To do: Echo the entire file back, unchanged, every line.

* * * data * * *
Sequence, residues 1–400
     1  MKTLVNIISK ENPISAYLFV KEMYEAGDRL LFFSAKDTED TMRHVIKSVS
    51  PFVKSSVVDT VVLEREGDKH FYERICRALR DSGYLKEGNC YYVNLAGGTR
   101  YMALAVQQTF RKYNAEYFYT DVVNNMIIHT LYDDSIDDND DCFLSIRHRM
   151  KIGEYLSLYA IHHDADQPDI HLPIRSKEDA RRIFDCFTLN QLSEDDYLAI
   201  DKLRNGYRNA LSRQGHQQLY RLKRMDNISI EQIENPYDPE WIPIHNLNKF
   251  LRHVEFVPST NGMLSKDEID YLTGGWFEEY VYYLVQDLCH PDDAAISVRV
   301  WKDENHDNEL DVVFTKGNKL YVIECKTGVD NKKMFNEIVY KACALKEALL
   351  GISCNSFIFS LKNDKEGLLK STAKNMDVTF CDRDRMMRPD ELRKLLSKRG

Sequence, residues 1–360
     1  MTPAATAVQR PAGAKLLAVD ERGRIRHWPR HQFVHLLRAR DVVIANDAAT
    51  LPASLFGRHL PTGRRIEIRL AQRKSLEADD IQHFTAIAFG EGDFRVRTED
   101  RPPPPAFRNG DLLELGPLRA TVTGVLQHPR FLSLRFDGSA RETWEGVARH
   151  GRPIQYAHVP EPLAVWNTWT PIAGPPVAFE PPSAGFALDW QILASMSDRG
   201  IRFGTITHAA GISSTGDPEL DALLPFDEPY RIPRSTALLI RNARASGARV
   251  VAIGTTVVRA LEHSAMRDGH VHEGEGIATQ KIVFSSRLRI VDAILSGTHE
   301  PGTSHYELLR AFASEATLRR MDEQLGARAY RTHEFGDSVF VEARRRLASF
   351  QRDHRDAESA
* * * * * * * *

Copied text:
Sequence, residues 1–400
     1  MKTLVNIISK ENPISAYLFV KEMYEAGDRL LFFSAKDTED TMRHVIKSVS
    51  PFVKSSVVDT VVLEREGDKH FYERICRALR DSGYLKEGNC YYVNLAGGTR
   101  YMALAVQQTF RKYNAEYFYT DVVNNMIIHT LYDDSIDDND DCFLSIRHRM
   151  KIGEYLSLYA IHHDADQPDI HLPIRSKEDA RRIFDCFTLN QLSEDDYLAI
   201  DKLRNGYRNA LSRQGHQQLY RLKRMDNISI EQIENPYDPE WIPIHNLNKF
   251  LRHVEFVPST NGMLSKDEID YLTGGWFEEY VYYLVQDLCH PDDAAISVRV
   301  WKDENHDNEL DVVFTKGNKL YVIECKTGVD NKKMFNEIVY KACALKEALL
   351  GISCNSFIFS LKNDKEGLLK STAKNMDVTF CDRDRMMRPD ELRKLLSKRG

Sequence, residues 1–360
     1  MTPAATAVQR PAGAKLLAVD ERGRIRHWPR HQFVHLLRAR DVVIANDAAT
    51  LPASLFGRHL PTGRRIEIRL AQRKSLEADD IQHFTAIAFG EGDFRVRTED
   101  RPPPPAFRNG DLLELGPLRA TVTGVLQHPR FLSLRFDGSA RETWEGVARH
   151  GRPIQYAHVP EPLAVWNTWT PIAGPPVAFE PPSAGFALDW QILASMSDRG
   201  IRFGTITHAA GISSTGDPEL DALLPFDEPY RIPRSTALLI RNARASGARV
   251  VAIGTTVVRA LEHSAMRDGH VHEGEGIATQ KIVFSSRLRI VDAILSGTHE
   301  PGTSHYELLR AFASEATLRR MDEQLGARAY RTHEFGDSVF VEARRRLASF
   351  QRDHRDAESA